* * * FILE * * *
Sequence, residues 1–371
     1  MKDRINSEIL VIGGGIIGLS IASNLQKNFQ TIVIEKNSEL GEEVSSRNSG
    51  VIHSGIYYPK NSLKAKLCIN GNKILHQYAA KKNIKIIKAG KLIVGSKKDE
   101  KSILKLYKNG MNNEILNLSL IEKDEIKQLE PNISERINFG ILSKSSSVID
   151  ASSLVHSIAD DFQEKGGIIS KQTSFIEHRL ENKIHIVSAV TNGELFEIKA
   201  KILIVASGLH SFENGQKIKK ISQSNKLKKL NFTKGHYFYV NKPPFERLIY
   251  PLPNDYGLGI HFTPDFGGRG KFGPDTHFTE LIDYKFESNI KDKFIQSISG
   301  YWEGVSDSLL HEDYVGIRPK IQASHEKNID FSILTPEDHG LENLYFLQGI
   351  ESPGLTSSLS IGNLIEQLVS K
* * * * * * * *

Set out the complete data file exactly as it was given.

Sequence, residues 1–371
     1  MKDRINSEIL VIGGGIIGLS IASNLQKNFQ TIVIEKNSEL GEEVSSRNSG
    51  VIHSGIYYPK NSLKAKLCIN GNKILHQYAA KKNIKIIKAG KLIVGSKKDE
   101  KSILKLYKNG MNNEILNLSL IEKDEIKQLE PNISERINFG ILSKSSSVID
   151  ASSLVHSIAD DFQEKGGIIS KQTSFIEHRL ENKIHIVSAV TNGELFEIKA
   201  KILIVASGLH SFENGQKIKK ISQSNKLKKL NFTKGHYFYV NKPPFERLIY
   251  PLPNDYGLGI HFTPDFGGRG KFGPDTHFTE LIDYKFESNI KDKFIQSISG
   301  YWEGVSDSLL HEDYVGIRPK IQASHEKNID FSILTPEDHG LENLYFLQGI
   351  ESPGLTSSLS IGNLIEQLVS K